#4 posted 08-26-2016 05:55 PM

Thanks for the review. Very clear and informative.

View jimintx's profile

jimintx

807 posts in 1667 days


#5 posted 08-26-2016 09:42 PM

I can attest that this ought to work as discussed herein.

I made a comparable hood for my 12’ Bosch, using only cardboard boxes and some package tape. I also attached a 4” hose from my large dust collector. In my case, because it fit into my layout best, I attached the vac hose to the right side of the corrugated cardboard box.

I then rotate the dust collection, L-fitting that comes standard on the saw, so it is aimed to the right.

This setup archives results as are described here for the Rousseau hood.
One of these days, I may take an afternoon to re-make it using plywood and sheet acrylic.

.

-- Jim, Houston, TX

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Harry

80 posts in 1263 days


#6 posted 08-27-2016 12:48 AM

Nice review. I have a 5000 that I got about 2-3 months ago but no lights. Sure is nice not to fight with the cardboard I had forever and worth every penny. I had to clamp some extra fabric near the dust port so it wouldn’t suck in but no big deal.

-- Harry - Professional amateur

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Grumpymike

2282 posts in 2398 days


#7 posted 09-01-2016 08:40 PM

Thanks for the very in depth review; Dust is always a problem with the miter saw … I have a large plastic tub that I put a dust port into and use that. On it’s best day, it catches about 2/3 of the dust.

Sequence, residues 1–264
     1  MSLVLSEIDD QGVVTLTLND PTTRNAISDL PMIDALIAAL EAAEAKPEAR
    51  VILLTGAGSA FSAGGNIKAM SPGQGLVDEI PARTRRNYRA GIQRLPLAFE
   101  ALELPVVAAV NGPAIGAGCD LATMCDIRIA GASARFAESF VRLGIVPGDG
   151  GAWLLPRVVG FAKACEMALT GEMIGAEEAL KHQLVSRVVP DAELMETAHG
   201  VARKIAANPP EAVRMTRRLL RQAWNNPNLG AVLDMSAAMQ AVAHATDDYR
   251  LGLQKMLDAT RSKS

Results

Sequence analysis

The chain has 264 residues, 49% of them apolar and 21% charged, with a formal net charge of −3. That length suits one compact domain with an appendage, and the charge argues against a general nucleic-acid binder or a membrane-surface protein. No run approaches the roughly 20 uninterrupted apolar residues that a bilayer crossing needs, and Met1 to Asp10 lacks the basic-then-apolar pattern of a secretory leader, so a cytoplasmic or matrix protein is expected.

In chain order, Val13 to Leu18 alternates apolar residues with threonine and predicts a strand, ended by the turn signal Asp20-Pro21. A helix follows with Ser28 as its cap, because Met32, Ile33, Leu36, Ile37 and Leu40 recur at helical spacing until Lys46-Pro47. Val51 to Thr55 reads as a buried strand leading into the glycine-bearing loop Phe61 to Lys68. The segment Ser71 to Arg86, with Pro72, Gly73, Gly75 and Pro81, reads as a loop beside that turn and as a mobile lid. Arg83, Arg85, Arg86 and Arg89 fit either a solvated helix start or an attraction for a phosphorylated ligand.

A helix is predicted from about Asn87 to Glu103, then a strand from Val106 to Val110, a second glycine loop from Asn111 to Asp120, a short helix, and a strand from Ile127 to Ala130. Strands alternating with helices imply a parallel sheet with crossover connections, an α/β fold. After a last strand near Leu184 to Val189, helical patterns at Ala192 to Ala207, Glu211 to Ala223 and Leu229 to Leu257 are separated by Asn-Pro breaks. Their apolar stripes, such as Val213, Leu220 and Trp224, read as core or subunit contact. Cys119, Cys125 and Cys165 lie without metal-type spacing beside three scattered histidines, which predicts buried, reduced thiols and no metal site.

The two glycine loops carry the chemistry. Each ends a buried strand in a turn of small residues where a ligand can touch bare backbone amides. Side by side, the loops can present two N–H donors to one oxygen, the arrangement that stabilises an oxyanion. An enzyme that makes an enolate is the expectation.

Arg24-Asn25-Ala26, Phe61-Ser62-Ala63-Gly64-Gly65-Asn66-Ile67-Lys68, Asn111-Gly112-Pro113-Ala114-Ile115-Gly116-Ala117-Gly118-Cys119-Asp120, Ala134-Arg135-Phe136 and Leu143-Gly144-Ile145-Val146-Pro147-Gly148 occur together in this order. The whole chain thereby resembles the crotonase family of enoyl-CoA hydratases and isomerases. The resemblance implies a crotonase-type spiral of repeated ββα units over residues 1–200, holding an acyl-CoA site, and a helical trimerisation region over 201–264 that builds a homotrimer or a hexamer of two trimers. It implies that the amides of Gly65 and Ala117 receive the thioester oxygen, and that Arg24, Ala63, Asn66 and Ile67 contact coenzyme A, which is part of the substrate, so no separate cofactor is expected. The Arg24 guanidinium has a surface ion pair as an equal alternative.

The one thing you did not mention is how spendy the 5000L is, but I will look on the web site for that info.

We could do a whole blog on the Rube Goldberg contraptions we have made for the compound miter saws, that we love so well, to catch the dust.

-- Grumpy old guy, and lookin' good Doin' it. ... Surprise Az.

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mzimmers

202 posts in 3998 days


#8 posted 09-02-2016 02:34 PM



The one thing you did not mention is how spendy the 5000L is, but I will look on the web site for that info.

Hi, Mike – I didn’t include that because I didn’t have that information. This product is brand spanking new. The proprietor of Rousseau expected the 5000 L to be on a few online sites by now, but I’m not sure that’s happened. The 5000 (without the lights) is $150, so expect it to be modestly above that.

-- M. Zimmers

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mzimmers

202 posts in 3998 days


#9 posted 09-02-2016 03:45 PM

Price information: I just heard back from Dale—MSRP for the 5000 L is $169, or $20 more than the version without the lights.

-- M. Zimmers

View jimintx's profile